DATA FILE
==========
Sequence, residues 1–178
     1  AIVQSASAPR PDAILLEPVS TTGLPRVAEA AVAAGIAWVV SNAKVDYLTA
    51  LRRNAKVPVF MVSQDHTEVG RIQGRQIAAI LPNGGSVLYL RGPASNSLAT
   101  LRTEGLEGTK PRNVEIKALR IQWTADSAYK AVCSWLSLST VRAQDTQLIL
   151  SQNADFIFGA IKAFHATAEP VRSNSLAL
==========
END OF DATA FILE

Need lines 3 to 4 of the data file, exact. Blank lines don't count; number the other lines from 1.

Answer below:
    51  LRRNAKVPVF MVSQDHTEVG RIQGRQIAAI LPNGGSVLYL RGPASNSLAT
   101  LRTEGLEGTK PRNVEIKALR IQWTADSAYK AVCSWLSLST VRAQDTQLIL